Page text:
ON Semiconductor may be worth a second look through the Uniform Accounting lens
The pandemic has ushered in a new wave of mass technological adoption, one which may only just be getting started.
One industry in particular is perhaps most important to supplying the components that will power this economy of the future, from the Internet of Things (“IoT”) to self-driving cars. Yet, as-reported metrics paint the picture of a space filled with cyclical, low-return businesses.
Today, we use Uniform Accounting to dive into one of the industry’s main players and discover whether or not this narrative holds true.
Also below, the company’s Uniform Accounting Performance and Valuation Tearsheet.
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We recently met with a long-term client of ours, a portfolio manager for one of the largest asset management firms in the world, to review their portfolio.
We noticed that one of their largest “risk” positions, i.e., a position with a much larger investment in an individual company than the relevant benchmark index, is a semiconductor firm.
If the stock performs well, it will have an outsized positive impact on performance relative to the benchmark, and inversely, an outsized negative impact if the name struggles.
It’s worth noting that market expectations for the firm were for significant return on asset (“ROA”) expansion, leading us into a discussion on how semiconductors are perpetually priced for an expansion cycle.
Thinking about where we are now, in the midst of a semiconductor cycle peak, we mentioned that increasing semiconductor capex could send the whole market lower.
Analysts with experience in the semiconductor space know that it’s typically a commodity industry, where the names generally exhibit long-term ROA trends around cost-of-capital levels. Looking at where we are in this particular cycle, the cratering only seems destined to happen for many companies…or so it appears when using as-reported metrics.
ON Semiconductor (ON), which makes semiconductor products that help manage power allocation and efficiency, may be an exception.
As more and more everyday items become integrated into the Internet of Things (“IoT”), they will require smarter management of power allocation and more capable sensors to derive insights.
These megatrends, which are just beginning in earnest, feed directly into impressive demand for well-positioned companies like ON Semiconductor. Yet, a glance at as-reported financial metrics appears to show the company not benefiting at all.
As the chart below makes clear, as-reported ROA peaked at 7% over the past decade and has regularly been at or below cost of capital levels, which average around 6%.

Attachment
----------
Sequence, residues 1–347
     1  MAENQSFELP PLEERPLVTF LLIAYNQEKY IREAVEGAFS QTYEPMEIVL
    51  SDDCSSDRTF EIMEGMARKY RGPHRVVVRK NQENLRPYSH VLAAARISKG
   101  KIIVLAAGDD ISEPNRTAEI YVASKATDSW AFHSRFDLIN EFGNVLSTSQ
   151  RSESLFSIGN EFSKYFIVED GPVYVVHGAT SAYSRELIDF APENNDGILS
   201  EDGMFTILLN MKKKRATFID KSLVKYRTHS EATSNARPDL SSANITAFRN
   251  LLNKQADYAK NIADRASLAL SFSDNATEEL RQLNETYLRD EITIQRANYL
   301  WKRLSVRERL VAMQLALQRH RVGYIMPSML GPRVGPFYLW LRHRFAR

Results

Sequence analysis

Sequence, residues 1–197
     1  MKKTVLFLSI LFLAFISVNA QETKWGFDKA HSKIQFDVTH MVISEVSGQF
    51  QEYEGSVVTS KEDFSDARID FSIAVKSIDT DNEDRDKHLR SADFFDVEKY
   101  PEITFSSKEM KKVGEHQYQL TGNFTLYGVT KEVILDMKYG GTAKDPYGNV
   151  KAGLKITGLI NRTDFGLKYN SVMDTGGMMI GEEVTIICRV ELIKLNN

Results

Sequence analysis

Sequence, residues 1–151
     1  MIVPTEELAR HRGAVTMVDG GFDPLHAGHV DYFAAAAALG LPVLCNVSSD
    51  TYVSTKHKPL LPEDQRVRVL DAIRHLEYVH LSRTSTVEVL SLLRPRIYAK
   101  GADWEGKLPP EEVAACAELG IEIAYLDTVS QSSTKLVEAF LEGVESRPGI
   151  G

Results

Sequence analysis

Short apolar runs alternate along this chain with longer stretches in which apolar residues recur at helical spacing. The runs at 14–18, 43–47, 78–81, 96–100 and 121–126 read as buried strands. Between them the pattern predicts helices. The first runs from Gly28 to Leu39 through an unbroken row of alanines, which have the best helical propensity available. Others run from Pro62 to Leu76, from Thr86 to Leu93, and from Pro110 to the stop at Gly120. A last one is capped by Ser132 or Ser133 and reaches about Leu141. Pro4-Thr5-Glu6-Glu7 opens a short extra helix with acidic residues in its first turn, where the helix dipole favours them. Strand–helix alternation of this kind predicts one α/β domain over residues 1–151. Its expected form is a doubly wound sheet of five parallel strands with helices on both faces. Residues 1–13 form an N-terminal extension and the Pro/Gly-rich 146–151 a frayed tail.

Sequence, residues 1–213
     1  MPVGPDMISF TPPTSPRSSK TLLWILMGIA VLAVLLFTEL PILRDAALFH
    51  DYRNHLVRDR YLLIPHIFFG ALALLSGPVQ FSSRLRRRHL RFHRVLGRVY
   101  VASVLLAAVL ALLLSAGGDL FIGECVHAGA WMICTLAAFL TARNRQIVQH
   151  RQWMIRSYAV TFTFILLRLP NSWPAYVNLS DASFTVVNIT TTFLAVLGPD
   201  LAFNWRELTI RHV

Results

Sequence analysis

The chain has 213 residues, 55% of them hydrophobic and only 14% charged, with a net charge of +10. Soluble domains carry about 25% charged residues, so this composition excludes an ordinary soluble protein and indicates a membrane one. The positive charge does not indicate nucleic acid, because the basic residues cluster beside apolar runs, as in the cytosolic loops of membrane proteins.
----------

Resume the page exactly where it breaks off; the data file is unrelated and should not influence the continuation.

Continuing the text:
It looks like those excited about semiconductor companies at the heart of the IoT are bound to be disappointed…
However, a closer look at economic reality with Uniform Accounting illustrates that ON Semiconductor’s Uniform ROA has actually been at or above 7% over the past 10 years regularly, even during parts of the cycle that were not especially great for the company’s end markets.
See for yourself below.
ON Semiconductor’s resilience, even during times of wild market swings in supply and demand, highlights that even names in a cyclical space can generate higher sustained returns if they deliver an advantage, an insight totally lost with GAAP metrics.
To be fair, ON Semiconductor isn’t the only semiconductor company that has been able to sustain such strong returns. There are many others, which should perhaps give pause to the perception that today’s semiconductor space is filled with cyclical, low return businesses.
SUMMARY and ON Semiconductor Corp Tearsheet
As the Uniform Accounting tearsheet for ON Semiconductor Corp (ON:USA) highlights, the Uniform P/E trades at 20.8x, which is below the global corporate average of 24.3x but around ON Semiconductor’s historical P/E of 20.1x.
Low P/Es require low EPS growth to sustain them. In the case of ON Semiconductor, the company has recently shown a 52% Uniform EPS decline.
Wall Street analysts provide stock and valuation recommendations that in general provide very poor guidance or insight. However, Wall Street analysts’ near-term earnings forecasts tend to have relevant information.
We take Wall Street forecasts for GAAP earnings and convert them to Uniform earnings forecasts. When we do this, ON Semiconductor’s Wall Street analyst-driven forecast is a 218% and a 19% EPS growth in 2021 and 2022, respectively.
Based on the current stock market valuations, we can use earnings growth valuation metrics to back into the required growth rate to justify ON Semiconductor’s $49 stock price. These are often referred to as market embedded expectations.
The company is currently being valued as if Uniform earnings were to grow 21% annually over the next three years. What Wall Street analysts expect for ON Semiconductor’s earnings growth is above what the current stock market valuation requires in 2021, but below that requirement in 2022.
Furthermore, ON Semiconductor’s earning power in 2020 is in line with the long-run corporate average. Moreover, Cash flows and cash on hand are at 180% of total obligations—including debt maturities and capex maintenance. All in all, this signals a moderate credit risk.
To conclude, the company’s Uniform earnings growth is above its peer averages. However, the company is trading below its average peer valuations.
Joel Litman & Rob Spivey
Chief Investment Strategist &
Director of Research
at Valens Research